Anyway, it’s only been 27 years since the end of communism here, but suffice it to say, things have come a long way. Our guide told us how people hadn’t even had simple imports like Coca Cola or bananas until recently. It was so exciting to them that they would put the empty coke can on the shelf like a status symbol, and during my visit, I found bananas everywhere! 🍌
Now, one of the most interesting things I noticed when visiting Tirana was how cheerful the capital now appears. Apparently, the recent prime minister decided to paint the city in vibrant Caribbean colors to liven up everyone’s spirits after so many years of oppression. 🎨
One of the most quirky things were these electrical boxes painted with silly cartoons and symbols of pop culture.
What’s ironic though is what now stands in front of this communist leader’s home- a KFC! The ultimate symbol of capitalism. Hah! 🍗
Berat and Gjirokaster
Berat and Gjirokaster are two UNESCO World Heritage Sites which showcase well-preserved Ottoman architecture, but they also have many differences.
Gjirokastra or Gjirokastër is known as “The City of Stone.” It showcases medieval architecture dating back to Ottoman times and a castle that has been fought over for centuries.
Walking through the streets and in the central bazaar, you’ll find lots of local handicrafts, like pottery, qeleshe (a brimless white cap), lace, woodwork, and local treats, like honey, jam and spices.
Berat is known as “The City of a Thousand Windows.” It also showcases traditional Ottoman architecture and a medieval castle, but geographically is located near the stunning Tomorr Mountains and along the Osumi River.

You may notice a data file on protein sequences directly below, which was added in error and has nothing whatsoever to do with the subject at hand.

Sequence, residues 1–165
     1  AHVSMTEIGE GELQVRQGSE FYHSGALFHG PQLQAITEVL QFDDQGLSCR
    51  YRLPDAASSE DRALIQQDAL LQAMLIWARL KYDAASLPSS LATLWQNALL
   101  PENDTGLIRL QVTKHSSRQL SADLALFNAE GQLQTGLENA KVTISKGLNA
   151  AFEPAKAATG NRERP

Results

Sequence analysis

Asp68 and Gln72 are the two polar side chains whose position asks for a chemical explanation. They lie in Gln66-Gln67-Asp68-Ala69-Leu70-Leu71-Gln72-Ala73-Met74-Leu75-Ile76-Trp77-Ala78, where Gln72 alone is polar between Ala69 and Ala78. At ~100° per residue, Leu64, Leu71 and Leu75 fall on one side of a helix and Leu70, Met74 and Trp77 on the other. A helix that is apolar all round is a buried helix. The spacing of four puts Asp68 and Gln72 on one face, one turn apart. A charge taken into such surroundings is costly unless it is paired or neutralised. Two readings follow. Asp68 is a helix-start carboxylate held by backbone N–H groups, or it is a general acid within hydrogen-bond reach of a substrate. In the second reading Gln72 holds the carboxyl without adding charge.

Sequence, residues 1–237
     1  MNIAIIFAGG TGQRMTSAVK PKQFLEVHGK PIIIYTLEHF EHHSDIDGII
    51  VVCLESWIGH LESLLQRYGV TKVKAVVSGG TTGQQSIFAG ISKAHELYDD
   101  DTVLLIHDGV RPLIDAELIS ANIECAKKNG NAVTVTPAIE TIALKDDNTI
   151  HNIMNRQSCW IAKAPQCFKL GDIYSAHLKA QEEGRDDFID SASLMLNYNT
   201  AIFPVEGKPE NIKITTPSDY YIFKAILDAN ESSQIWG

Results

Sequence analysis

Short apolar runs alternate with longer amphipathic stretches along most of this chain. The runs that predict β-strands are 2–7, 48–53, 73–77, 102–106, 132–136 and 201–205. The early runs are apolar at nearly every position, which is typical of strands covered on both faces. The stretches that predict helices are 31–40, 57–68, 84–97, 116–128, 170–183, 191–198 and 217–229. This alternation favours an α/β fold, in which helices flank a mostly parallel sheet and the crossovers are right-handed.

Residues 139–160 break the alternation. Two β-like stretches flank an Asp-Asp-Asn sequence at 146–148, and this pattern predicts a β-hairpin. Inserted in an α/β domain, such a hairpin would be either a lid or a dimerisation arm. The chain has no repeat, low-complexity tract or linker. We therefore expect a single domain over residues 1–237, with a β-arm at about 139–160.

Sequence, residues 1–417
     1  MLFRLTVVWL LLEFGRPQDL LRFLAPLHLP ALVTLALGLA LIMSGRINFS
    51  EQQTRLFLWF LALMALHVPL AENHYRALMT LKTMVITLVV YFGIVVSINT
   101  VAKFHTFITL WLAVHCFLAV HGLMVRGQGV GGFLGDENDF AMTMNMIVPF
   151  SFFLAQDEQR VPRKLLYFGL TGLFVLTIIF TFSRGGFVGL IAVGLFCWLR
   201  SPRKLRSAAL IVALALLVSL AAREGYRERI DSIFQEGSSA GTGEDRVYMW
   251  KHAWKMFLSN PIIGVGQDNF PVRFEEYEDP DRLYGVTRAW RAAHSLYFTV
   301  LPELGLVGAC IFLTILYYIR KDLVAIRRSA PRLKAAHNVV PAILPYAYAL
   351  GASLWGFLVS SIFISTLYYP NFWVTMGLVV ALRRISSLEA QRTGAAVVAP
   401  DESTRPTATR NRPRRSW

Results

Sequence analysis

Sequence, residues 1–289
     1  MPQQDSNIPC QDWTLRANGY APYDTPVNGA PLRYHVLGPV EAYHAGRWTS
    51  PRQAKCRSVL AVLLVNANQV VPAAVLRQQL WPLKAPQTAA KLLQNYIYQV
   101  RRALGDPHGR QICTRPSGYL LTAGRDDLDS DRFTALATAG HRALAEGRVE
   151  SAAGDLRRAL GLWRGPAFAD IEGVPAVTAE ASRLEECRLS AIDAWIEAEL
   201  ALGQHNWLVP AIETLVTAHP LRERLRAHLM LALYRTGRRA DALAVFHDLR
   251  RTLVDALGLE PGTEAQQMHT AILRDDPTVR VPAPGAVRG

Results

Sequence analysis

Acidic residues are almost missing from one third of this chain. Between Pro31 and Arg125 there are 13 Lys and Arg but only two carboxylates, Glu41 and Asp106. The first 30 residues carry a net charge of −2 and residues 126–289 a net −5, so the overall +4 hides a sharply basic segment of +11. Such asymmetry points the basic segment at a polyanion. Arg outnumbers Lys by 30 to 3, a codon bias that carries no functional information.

In this rural mountain village, you’ll see men hauling donkeys down the streets or fishing in the stream. 🎣
While in Berat, I stayed at Hostel Managalem, which is a renovated historic home full of character and charm. There’s a stone fireplace, wooden decorative accents covered in lace doilies, and the host even showed me how to make authentic Turkish coffee. 💟
Saranda or Sarandë is a resort town along the Albanian Riviera, only a short ferry ride from Corfu, Greece.
The town is laid out on a horseshoe-shaped bay lined with beaches along the Ionian Sea.
To get to Saranda, I took an 8-hour bus from bus station in Tirana. I use the word bus station loosely here, as it’s usually just a designated parking lot or street. 😂
They also make pit stops along the way to pick up snacks and stretch your legs, which makes the ride much more enjoyable.🥤
Now, the Albanian Riviera has many different beach towns, depending on the vibe you’re after. If you want beaches that are a bit more secluded, I’d suggest Himara or Vlora. Saranda on the other hand is much more crowded, but the atmosphere is less party and more family-oriented. You can find nice hotels and lots of condos to rent during your stay.
While in Saranda, I stayed at Hakuna Matata Hostel, which is actually a condo converted into a hostel. It had an epic coastal view for only 8 USD per night.
We even had a family movie night with their 5-year-old daughter and son. So fun!
Just perfect! 🌅
Anyway, up next I will cross the border from Albania to Macedonia. Stay tuned to hear all about it! Until then! 😊